The Acros Fukuoka eco-building in Fukuoka, Japan boasts one of the world’s most famous green roofs. The GRIT Lab at the University of Toronto is working to bring green roofs to the city and beyond in order to combat climate change.
Green roofs could play a critical role in helping cities cope with extreme rainfall events in the age of climate change. The roofs essentially suck up stormwater like sponges if designed properly.
One of the impacts of climate change is an increase in the frequency of heavy rain events.
AP Photo/David J. Phillip
The Trump administration's decision to dismiss or accept a government-prepared climate report will have life-or-death consequences, says a climate scientist involved in the previous report.
Searching for respite from the heat in one of Rome’s fountains.
Parts of Europe are having a devastatingly hot summer. Already we’ve seen heat records topple in western Europe in June, and now a heatwave nicknamed “Lucifer” is bringing stifling conditions to areas…
Floods in places such as Queensland may depend on how soaked the catchment is, not just on how much it rains.
AAP Image/Dan Peled
Analysis of flood gauge data suggest that floods are becoming less frequent in many parts of the world. Despite that, more people and property are at risk, particularly in developing countries.
The U.S. failing to meet its Paris commitment would cause about $100 billion of damage to the global economy.
A climate scientist and policy scholar sees three possible scenarios following Trump's plan to pull out of the Paris Agreement –
ranging from a small uptick in emissions to a global recession.
Tornado seven miles south of Anadarko, Oklahoma, May 3, 1999.
OAR/ERL/National Severe Storms Laboratory/Flickr
More tornadoes occur in the United States than in any other country, mainly in the Great Plains, the Midwest and southern states. Two meteorology professors explain what causes these dangerous storms.
Nowhere to hide? With 2℃ of global warming, the stifling heat of January 2013 would be the norm for Australia.
AAP Image/Dean Lewins
Global warming of 2℃, the higher of the two Paris targets, would see current record-breaking temperatures become the norm in the future, potentially bringing heatwaves to both land and sea.
Vasin Lee / Shutterstock.com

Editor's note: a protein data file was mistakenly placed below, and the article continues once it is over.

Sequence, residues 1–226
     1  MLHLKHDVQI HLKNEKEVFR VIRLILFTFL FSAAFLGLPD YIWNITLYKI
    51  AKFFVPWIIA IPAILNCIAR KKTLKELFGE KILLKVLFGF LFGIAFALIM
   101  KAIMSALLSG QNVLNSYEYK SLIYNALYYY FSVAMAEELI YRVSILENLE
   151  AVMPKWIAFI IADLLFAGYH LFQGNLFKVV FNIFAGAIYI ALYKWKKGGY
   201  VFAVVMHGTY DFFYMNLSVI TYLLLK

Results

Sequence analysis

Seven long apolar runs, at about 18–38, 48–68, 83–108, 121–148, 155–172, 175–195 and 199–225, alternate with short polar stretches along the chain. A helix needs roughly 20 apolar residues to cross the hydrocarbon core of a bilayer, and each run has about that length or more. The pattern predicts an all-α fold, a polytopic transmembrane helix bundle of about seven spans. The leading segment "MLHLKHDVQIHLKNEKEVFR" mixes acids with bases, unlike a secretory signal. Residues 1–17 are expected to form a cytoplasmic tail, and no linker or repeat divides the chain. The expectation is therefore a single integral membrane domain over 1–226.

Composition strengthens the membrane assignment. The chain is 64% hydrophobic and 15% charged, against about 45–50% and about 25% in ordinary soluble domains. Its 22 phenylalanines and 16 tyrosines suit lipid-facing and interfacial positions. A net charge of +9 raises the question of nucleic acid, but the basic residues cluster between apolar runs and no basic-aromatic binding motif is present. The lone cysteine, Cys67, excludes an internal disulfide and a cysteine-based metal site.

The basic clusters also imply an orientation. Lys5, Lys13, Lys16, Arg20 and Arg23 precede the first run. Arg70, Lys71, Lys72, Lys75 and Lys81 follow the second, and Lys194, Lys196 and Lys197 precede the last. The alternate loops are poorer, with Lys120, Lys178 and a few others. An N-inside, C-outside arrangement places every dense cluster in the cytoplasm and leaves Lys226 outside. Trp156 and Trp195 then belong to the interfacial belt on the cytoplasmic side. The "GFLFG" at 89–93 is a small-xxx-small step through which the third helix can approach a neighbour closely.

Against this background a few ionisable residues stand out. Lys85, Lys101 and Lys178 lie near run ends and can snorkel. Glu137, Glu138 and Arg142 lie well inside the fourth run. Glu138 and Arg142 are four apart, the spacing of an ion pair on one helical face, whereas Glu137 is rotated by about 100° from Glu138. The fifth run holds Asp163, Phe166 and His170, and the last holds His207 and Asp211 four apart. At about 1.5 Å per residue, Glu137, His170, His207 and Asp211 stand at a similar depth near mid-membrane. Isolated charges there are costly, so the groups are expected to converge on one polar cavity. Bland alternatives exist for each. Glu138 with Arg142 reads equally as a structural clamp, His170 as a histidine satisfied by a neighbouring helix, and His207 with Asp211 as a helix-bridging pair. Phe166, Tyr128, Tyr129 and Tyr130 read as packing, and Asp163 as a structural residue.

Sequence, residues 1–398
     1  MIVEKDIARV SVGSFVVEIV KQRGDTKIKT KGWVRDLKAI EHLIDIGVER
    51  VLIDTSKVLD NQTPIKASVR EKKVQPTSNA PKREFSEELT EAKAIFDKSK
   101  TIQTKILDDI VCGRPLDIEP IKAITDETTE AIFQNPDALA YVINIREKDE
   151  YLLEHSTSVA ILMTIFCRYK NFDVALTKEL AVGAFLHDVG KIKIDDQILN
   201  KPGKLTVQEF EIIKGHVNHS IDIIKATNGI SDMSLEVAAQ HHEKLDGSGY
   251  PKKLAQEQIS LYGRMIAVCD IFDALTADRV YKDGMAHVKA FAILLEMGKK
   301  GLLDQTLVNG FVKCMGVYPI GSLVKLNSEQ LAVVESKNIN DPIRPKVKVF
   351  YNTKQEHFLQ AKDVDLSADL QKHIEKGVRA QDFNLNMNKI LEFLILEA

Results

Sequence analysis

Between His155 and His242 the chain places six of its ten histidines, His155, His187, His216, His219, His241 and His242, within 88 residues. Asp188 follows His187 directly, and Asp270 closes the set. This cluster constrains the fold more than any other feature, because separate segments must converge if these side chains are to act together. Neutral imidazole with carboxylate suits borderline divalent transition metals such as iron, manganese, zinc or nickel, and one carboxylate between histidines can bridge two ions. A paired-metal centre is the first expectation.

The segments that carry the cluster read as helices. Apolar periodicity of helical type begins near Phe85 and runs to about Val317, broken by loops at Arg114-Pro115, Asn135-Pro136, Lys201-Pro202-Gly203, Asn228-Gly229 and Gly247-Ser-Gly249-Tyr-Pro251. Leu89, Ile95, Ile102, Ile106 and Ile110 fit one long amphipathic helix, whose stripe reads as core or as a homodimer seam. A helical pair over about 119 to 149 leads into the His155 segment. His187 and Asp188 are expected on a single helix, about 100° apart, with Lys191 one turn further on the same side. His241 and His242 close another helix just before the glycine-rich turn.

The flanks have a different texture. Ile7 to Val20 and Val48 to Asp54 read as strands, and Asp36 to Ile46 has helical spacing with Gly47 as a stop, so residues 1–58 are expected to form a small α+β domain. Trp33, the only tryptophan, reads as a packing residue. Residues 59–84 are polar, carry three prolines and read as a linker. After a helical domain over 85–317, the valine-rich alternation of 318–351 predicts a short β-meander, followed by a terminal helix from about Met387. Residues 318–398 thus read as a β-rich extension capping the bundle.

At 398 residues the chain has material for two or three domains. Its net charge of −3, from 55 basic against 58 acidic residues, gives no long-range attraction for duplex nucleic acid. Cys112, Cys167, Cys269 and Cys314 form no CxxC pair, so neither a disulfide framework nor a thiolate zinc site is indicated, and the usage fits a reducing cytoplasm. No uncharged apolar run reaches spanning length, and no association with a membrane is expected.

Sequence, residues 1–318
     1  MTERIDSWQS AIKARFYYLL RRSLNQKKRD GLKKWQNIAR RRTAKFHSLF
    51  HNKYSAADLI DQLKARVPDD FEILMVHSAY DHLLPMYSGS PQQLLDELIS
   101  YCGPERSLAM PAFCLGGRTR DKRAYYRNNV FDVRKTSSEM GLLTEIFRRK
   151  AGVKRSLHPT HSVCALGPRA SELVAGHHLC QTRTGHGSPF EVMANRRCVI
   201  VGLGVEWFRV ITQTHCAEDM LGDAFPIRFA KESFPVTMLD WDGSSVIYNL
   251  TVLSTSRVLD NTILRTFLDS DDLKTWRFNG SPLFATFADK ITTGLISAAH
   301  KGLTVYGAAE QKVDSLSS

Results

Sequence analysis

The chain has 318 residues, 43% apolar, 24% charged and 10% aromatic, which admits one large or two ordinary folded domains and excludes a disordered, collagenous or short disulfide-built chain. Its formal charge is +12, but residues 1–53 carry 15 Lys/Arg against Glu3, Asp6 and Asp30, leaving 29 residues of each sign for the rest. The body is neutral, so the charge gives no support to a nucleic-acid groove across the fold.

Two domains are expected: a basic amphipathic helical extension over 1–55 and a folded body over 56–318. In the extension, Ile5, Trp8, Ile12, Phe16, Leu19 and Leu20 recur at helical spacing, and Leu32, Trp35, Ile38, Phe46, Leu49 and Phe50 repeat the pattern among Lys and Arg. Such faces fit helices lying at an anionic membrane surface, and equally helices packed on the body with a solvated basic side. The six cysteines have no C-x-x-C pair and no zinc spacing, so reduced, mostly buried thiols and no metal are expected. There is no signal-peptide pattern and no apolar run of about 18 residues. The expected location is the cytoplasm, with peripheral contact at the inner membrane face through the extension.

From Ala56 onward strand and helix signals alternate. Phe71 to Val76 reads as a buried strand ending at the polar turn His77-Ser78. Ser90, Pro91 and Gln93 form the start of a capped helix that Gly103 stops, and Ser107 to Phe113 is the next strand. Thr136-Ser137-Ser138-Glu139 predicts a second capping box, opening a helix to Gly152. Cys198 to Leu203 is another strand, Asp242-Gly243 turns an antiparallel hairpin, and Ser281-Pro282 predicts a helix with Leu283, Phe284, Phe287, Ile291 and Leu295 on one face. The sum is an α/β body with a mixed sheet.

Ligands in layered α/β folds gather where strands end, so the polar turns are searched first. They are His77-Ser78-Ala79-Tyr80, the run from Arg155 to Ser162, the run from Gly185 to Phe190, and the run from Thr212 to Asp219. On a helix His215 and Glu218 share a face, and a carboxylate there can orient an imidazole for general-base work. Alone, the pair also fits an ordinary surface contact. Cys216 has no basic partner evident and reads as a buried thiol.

What if extreme weather events could be attributed to human-induced climate change with confidence?
Sea ice in the Arctic.
The link between melting sea ice and extreme weather has been known for a while, but now it's happening further afield.
Lismore received a drenching from the tail end of Tropical Cyclone Debbie.
AAP Image/Dave Hunt
The record floods of 1954 and 1974 still stand as Lismore's high-water marks. But Tropical Cyclone Debbie delivered her deluge far more abruptly than the rains that triggered those historic floods.
Sydney’s summer was the hottest on record.
AAP Image/Dean Lewins
New South Wales has just had its hottest summer on record – an event that was made 50 times more likely by humans' impact on the climate.
Cows don’t do well in the heat.
As the climate changes and extreme weather effects become more common, cattle and other livestock are becoming more stressed.
One primary concern in rural areas: higher temperatures put strain on water and energy sources.
AP Photo/Robert Ray
With little action at the national level on climate change, state and city officials are taking the lead – but by emphasizing local benefits.
Emergency crews tackle a bushfire at Boggabri, one of dozens across NSW during the heatwave.
Heat records have tumbled across New South Wales as the state suffered through the weekend's heatwave. A new analysis shows that climate change made this kind of event much less of a rarity.
Sydneysiders cool off in heatwave conditions gripping eastern Australia in January 2017.
AAP Image/Joel Carrett
2016 is the third consecutive hottest year on record. How can we adapt?
Cyclone Oswald caused flooding that forced the evacuation of more than 100 patients from Bundaberg Hospital to Brisbane in January 2013.
Most of our hospitals were not designed to cope with the health impacts of future extreme weather. And hospital infrastructure has not been adapted to secure health care during such events.
Union workers supporting coal energy (right) face off against environmentalists in Pittsburgh, 2013.
AP Photo/Keith Srakocic
Most Americans care about the environment, but they didn't vote that way this year. Two political scientists urge the movement to build better connections with blue-collar workers and immigrants.
National Guard soldiers inspect homes in Rockaway Park, Queens, New York, after Superstorm Sandy, 2012.
Spc. Zane Craig, PA National Guard/Flickr
As Atlantic hurricane season opens on June 1, eastern U.S. cities can prepare by updating laws, codes and ordinances that hamper rebuilding after storms.
Hurricane Pali churns over the eastern Pacific on January 11.
NASA Earth Observatory
January hurricanes are rare events, but two have already formed this month. Atmospheric scientist Adam Sobel explains the conditions that generated Pali and Alex.
People stand on a pier as waves crash into the beach as the beginning effects of Hurricane Sandy are felt in Coney Island in Brooklyn, New York, USA, 29 October 2012. US President Barack Obama urged residents to follow warnings from local officials as hurricane Sandy barrels toward the East Coast. Many areas from the mid-Atlantic to Northeast have declared a state of emergency as Sandy is expected to bring flooding and widespread power and commuication outages.
Superstorm Sandy has flooded seven subway tunnels in New York City and flooded cities after killing at least 69 people in…